Field experiments helped the geographers from Lomonosov Moscow State University to update the oil pollution threshold levels for plant communities of various types. New data have confirmed that mosses and marsh vegetation are the fastest to cope with the consequences of environmental disasters. At the same time, grasses and shrubs of mixed forests of European Russia are more vulnerable than the flora of the Far East.
The first stage of work, that is carried out as part of the project of the Russian Foundation for Basic Research, was the study of the consequences of kerosene getting into the soils of the Far Eastern taiga in Amur Oblast. In 2021, the specialists from the Faculty of Geography of Moscow State University revealed high resistance to negative impacts in mosses and successful restoration of the moss-lichen cover after one year, even with heavy pollution.
The problems of pollution of natural communities with petrochemicals are currently being actively studied by scientists from around the world. At the same time, diesel fuel, gasoline, kerosene and other refined products attract less attention from the scientific community, although they are much more toxic than crude oil. Kerosene is a fuel used in aviation and astronautics. Its leaks are often associated with the operation of airfields, fuel and lubricants depots, and rocket launches from spaceports. If accidents occur at these facilities, the impact on nature can be catastrophic.
In the spring of 2022, the MSU geographers completed a field experiment in Kaluga Oblast. Using 36 experimental sites as an example, they studied vegetation restoration when forest and meadow-marsh communities were contaminated with kerosene. The obtained data were compared with the results of studies in Amur Oblast.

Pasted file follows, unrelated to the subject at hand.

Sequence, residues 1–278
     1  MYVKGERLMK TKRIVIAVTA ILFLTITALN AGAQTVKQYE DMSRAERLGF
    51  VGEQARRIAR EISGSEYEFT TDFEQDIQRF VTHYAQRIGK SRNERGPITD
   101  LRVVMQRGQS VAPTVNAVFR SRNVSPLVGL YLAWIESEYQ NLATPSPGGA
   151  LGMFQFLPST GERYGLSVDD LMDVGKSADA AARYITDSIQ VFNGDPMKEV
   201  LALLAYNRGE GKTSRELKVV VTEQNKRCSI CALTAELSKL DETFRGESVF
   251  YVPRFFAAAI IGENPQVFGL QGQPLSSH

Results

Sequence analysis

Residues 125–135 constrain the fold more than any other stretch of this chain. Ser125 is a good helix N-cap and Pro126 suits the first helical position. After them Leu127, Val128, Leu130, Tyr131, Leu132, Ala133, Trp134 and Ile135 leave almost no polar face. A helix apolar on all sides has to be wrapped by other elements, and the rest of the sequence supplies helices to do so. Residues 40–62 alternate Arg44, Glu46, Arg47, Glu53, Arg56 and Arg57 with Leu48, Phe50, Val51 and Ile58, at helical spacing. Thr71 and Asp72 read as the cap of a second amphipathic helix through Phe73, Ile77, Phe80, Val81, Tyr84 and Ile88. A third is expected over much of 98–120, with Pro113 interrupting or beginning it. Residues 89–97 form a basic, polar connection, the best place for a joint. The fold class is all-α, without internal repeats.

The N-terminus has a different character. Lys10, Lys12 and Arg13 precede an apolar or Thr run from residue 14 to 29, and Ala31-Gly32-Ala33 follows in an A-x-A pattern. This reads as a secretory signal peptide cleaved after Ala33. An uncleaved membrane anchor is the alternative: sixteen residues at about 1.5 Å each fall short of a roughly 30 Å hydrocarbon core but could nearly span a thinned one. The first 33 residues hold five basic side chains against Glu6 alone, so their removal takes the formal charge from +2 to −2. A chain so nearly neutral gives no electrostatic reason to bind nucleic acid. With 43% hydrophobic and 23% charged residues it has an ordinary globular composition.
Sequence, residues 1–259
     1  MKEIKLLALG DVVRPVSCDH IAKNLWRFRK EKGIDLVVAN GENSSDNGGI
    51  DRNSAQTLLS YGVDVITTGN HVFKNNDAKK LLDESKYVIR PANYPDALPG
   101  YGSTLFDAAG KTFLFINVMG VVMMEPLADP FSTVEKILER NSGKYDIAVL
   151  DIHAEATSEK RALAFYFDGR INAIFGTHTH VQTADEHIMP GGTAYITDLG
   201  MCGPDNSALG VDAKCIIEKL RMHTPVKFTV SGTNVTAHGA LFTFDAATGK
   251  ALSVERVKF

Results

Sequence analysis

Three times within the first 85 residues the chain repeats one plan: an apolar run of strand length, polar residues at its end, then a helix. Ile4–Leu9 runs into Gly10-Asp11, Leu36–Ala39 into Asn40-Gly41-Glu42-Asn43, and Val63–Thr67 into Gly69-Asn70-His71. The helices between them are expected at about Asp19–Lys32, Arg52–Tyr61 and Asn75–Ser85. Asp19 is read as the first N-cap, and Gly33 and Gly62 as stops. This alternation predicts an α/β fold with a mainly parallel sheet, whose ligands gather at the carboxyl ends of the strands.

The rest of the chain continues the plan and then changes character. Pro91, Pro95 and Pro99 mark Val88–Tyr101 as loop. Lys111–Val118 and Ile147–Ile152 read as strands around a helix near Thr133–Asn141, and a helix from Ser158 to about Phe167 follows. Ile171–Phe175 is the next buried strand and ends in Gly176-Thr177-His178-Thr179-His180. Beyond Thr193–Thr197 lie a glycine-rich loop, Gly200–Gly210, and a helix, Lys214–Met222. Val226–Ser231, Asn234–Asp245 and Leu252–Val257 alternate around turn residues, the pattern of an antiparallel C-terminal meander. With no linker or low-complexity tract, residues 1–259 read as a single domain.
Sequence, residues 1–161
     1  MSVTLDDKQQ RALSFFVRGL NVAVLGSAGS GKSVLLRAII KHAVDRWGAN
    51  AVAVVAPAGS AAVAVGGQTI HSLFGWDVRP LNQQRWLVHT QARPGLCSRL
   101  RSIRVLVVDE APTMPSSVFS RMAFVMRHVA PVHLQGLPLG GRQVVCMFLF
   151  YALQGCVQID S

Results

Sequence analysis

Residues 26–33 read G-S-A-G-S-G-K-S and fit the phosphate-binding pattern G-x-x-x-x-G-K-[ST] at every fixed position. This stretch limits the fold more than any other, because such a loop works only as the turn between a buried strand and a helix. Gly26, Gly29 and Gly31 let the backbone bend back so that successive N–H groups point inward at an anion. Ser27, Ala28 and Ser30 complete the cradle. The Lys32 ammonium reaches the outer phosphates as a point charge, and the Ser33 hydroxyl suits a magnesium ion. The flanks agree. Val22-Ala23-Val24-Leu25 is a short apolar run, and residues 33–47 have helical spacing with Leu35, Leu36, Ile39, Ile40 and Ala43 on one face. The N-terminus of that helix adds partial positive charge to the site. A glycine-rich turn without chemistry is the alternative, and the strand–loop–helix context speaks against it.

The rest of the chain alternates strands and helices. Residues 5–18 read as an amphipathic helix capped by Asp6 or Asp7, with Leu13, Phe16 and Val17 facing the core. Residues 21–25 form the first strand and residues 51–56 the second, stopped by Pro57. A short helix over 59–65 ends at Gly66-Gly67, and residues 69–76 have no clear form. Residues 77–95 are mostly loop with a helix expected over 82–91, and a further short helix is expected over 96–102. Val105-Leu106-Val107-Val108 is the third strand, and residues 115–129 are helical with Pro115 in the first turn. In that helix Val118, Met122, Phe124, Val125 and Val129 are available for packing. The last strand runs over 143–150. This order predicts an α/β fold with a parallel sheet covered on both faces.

“The vegetation of mixed forests of the European part of Russia turned out to be more vulnerable to petrochemical pollution compared to the vegetation of the Far East. At relatively low loads (1–5 grams of kerosene per kilogram of soil), a year later, at the experimental sites in Amur Oblast, the grass-shrub layer was restored almost in full. And in Kaluga Oblast, herbaceous plants that disappeared from the community did not recover even with minimal load,” said Tatyana Koroleva, project manager, head of the laboratory of the Faculty of Geography of Lomonosov Moscow State University.
It also turned out that swamp shrubs in Central Russia are much more resistant to kerosene pollution compared to forest vegetation. Even the highest load used in the experiment – 100 grams of petrochemicals per kilogram of soil – did not lead to the death of wild rosemary and leatherleaf specimens. The observed consequences were limited to chemical burns of a part of the leaves and the death of individual shoots. Cranberries endured catastrophic loads much worse. The introduction of any doses into the soil led to the death of all the leaves on the plants. However, with light influence (1–5 grams per kilogram), a month later, the shoots began to grow again.
“Mosses got the advantage in our experiment. In the raised bog in Kaluga Oblast, even the highest load did not cause degradation of the moss cover. A year later, the state of sphagnum mosses did not differ from the surrounding areas. In the forest, green mosses, widely represented at the experiment sites, felt more at ease in the absence of competition with herbaceous plants. Over the year, they have grown significantly, especially at the sites with medium loads (10–25 grams per kilogram),” said Sergey Lednev, a project participant, an employee at the Faculty of Geography of Lomonosov Moscow State University.
The introduction of kerosene at a load of 100 g/kg in the forest (left, 1–3) and marsh (right, 4–6) communities: 1, 4 – before the introduction of kerosene; 2, 5 – a month after the introduction of kerosene; 3, 6 – a year after the introduction of kerosene.
According to Ivan Semenkov, senior researcher at the Faculty of Geography of Lomonosov Moscow State University, the data obtained during a series of field experiments help to clarify the threshold levels of kerosene pollution of plant communities.
“The Far Eastern experiment showed that significant changes in the structure of communities after a year are recorded at the applied loads of kerosene in the range from 5 to 25 grams per kilogram. The current experiment in Kaluga Oblast allows to narrow this interval: 1–5 grams per kilogram for mixed forests and 5–10 grams per kilogram for raised bogs,” Semenkov added.
The results of the research by the geographers from Moscow State University can later be used to assess the risks of pollution during the construction of fuel and energy facilities and transport systems, as well as to determine environmental damage in case of accidents during which oil spills occur.